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Report blames Uganda for not implementing laws to promote rights of PWDs

Minister Frank Tumwebaze meets PWDs in a discussion a few years back. Uganda not progressing on supporting PWDs, says report

Kampala, Uganda | THE INDEPENDENT | Persons with Disabilities (PWDs) in Uganda are not able to fully enjoy their rights according to a report from the National Council for Persons with Disabilities(NCPD).

The draft report, which is the country’s account from 2012 on the observance of the Conventions on the Rights of Persons with Disabilities (CRPD), shows that while Uganda has many laws to promote the rights of persons with disabilities, many of them are not implemented.

The CRPD is an international human rights treaty of the United Nations that is supposed to protect the rights and dignity of PWDs. There are 24 basic rights of PWDs. These include among others a right to education, accessibility, life, nationality, access to justice, liberty to movement, privacy, access to information, work and employment, and equal access to health.

The report was compiled from findings from consultative meetings with PWDs, organizations of PWDs, and MDAs. The report highlights three areas where the government has not done enough to improve the lives of PWDs. According to the report, PWDs still do not have access to public offices, and health services fifteen years after Uganda signed the treaty.

Figures from the report indicate that 90 percent of PWDs are not able to either physically access infrastructure or have different forms of information. The report shows that many government buildings like parliament, banks, and even schools lack ramps or lifts, despite several laws such as the Building Control Act, which make it mandatory for all buildings to have them.

Patrick Ojok, the lead consultant on the study and a community and disabilities rights expert, says the report shows that the right of accessibility by the government has been limited to including ramps on buildings while other public areas remain inaccessible to PWDs.

Dr. Ojok adds that many are forced to rely on other persons to access Automatic Teller Machines(ATMs) because the infrastructure is not friendly.

In addition to not being able to access infrastructure, the report also shows persons who suffer from mental disabilities are often not able to enjoy rights such as standing for office. According to Dr. Ojok, the country still has colonial laws that discriminate against persons with mental disabilities.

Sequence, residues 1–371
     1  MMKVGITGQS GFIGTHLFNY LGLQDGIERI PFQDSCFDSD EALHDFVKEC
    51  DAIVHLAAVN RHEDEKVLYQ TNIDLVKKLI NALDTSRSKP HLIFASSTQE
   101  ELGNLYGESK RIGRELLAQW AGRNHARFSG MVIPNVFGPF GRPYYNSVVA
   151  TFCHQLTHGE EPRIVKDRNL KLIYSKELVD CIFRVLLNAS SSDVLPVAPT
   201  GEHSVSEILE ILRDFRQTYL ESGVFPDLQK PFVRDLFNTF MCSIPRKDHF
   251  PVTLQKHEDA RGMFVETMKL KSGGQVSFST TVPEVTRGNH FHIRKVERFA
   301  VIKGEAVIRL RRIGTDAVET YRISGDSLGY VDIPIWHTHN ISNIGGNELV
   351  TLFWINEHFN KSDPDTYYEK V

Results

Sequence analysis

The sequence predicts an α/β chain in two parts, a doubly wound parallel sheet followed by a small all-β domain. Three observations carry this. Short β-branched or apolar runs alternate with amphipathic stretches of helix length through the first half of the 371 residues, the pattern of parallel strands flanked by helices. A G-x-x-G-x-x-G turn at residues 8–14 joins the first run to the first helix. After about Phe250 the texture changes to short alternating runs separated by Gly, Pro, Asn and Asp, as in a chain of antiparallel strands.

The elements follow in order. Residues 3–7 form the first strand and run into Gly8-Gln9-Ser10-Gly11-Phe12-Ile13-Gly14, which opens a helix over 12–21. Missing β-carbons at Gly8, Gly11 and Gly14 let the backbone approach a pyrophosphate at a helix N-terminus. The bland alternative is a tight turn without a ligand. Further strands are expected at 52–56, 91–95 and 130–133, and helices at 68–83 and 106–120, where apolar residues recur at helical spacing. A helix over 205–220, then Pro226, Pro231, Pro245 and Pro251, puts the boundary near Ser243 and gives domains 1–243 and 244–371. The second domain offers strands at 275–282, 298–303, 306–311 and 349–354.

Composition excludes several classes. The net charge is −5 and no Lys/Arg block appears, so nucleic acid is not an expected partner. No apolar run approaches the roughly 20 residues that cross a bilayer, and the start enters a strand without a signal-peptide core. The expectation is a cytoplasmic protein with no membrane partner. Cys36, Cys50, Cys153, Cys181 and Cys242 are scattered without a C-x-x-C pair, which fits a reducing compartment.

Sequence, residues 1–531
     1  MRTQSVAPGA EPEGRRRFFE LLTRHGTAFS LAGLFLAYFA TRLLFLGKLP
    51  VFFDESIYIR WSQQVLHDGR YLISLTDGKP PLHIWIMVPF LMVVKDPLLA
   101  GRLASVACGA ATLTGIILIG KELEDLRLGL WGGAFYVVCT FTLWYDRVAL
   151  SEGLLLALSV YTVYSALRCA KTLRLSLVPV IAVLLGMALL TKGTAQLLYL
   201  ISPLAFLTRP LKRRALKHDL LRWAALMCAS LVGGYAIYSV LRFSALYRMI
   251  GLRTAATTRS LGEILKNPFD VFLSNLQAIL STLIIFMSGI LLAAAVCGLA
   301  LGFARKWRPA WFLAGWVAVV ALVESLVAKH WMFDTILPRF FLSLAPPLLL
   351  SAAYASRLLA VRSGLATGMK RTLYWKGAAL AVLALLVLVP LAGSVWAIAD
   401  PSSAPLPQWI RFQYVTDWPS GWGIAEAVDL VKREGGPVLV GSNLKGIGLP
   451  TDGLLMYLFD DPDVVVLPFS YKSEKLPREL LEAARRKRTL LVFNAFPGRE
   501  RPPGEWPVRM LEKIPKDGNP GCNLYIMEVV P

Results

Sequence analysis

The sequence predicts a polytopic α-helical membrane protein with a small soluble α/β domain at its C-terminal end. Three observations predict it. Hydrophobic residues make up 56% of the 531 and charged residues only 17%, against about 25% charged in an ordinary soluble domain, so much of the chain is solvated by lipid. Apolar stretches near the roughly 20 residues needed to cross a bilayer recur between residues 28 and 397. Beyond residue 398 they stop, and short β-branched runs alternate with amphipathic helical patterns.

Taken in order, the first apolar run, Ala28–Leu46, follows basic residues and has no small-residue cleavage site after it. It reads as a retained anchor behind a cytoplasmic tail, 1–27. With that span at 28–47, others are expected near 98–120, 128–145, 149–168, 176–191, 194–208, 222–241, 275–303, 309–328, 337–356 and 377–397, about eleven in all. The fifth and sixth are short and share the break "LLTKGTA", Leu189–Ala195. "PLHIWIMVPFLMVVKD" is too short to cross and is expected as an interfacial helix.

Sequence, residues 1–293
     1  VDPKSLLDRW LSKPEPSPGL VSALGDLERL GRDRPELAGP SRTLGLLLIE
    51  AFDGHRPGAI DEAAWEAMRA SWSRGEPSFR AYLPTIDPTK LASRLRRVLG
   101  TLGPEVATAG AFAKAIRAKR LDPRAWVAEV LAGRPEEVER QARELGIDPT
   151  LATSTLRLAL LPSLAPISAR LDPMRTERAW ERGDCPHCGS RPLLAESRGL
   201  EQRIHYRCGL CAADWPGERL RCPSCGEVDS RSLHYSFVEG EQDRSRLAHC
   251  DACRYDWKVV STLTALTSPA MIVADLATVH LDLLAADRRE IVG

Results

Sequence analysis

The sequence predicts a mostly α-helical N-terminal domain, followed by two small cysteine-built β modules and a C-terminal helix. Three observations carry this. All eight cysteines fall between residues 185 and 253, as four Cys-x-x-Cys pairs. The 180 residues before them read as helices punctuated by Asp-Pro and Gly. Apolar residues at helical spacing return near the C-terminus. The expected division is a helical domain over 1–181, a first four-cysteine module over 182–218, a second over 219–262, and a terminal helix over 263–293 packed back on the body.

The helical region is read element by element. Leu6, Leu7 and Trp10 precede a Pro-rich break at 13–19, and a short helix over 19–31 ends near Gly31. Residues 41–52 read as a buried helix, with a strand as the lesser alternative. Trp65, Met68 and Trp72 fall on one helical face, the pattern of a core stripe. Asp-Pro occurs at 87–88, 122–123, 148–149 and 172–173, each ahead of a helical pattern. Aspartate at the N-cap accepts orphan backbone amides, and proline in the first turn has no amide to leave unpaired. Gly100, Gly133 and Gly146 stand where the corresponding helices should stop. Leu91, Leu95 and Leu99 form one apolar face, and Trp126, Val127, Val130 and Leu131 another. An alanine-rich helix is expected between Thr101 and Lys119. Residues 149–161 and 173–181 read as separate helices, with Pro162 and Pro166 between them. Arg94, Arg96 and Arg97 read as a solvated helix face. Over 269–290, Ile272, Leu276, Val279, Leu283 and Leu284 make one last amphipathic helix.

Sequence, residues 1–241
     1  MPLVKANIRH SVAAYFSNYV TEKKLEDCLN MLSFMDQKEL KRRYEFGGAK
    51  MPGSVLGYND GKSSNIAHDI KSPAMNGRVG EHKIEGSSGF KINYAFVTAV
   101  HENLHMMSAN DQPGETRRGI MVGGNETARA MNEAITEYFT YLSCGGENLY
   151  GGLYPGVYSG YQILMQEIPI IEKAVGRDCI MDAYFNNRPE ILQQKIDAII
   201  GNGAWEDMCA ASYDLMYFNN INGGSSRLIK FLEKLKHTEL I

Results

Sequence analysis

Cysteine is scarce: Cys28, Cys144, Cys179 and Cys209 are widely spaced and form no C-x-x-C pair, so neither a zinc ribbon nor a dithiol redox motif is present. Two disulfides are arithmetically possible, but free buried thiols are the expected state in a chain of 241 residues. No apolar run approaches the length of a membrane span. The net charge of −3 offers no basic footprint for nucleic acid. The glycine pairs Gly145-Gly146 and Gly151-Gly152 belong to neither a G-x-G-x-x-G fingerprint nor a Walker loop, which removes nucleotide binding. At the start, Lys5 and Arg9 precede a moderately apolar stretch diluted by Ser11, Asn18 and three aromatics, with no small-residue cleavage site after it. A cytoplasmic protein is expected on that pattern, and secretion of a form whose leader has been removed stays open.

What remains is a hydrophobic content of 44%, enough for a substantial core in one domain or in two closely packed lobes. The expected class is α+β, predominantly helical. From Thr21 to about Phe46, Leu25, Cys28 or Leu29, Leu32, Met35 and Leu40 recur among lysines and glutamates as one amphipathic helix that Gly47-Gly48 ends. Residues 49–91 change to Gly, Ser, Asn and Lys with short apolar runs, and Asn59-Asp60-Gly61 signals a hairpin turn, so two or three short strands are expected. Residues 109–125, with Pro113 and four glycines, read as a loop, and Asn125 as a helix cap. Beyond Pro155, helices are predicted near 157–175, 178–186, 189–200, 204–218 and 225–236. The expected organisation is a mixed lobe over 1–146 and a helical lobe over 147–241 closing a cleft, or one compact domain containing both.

According to Dr. Ojok, more government intervention is needed to implement laws that will enable PWDs to enjoy their rights. Yona Wasswa, the Chairperson of NCPD says while the government seems to be on track as far as implementing the convention on the rights of people with disabilities as far as enacting laws, more needs to be done to effectively implement the convention.

Wasswa recommends more allocation of government funds to enable the implementation of all the articles of the convention.

Grace Pelly, the Deputy Representative for UN Human Rights in Uganda, says that there are areas where the country could improve. “Despite the progress made, the report shows that there are still challenges that need to be addressed. Some of the issues that stand out are the continued discrimination, the challenges faced by persons with disabilities in accessing transport, and the violations to the right of life,” she said.

The report shows that the country has made tremendous in passing the Persons with Disabilities Act 2020 which recognizes people with different impairments as human beings who have the rights to education, medical treatment, employment, and justice.

Prosper Muhuma, the Commissioner in charge of PWDs at the Ministry of Gender, Labour and Social Development says the implementation of the convention needs a muti-sectoral approach. Muhumuza however said that all miniseries would be held accountable for any failures to implement the various laws.



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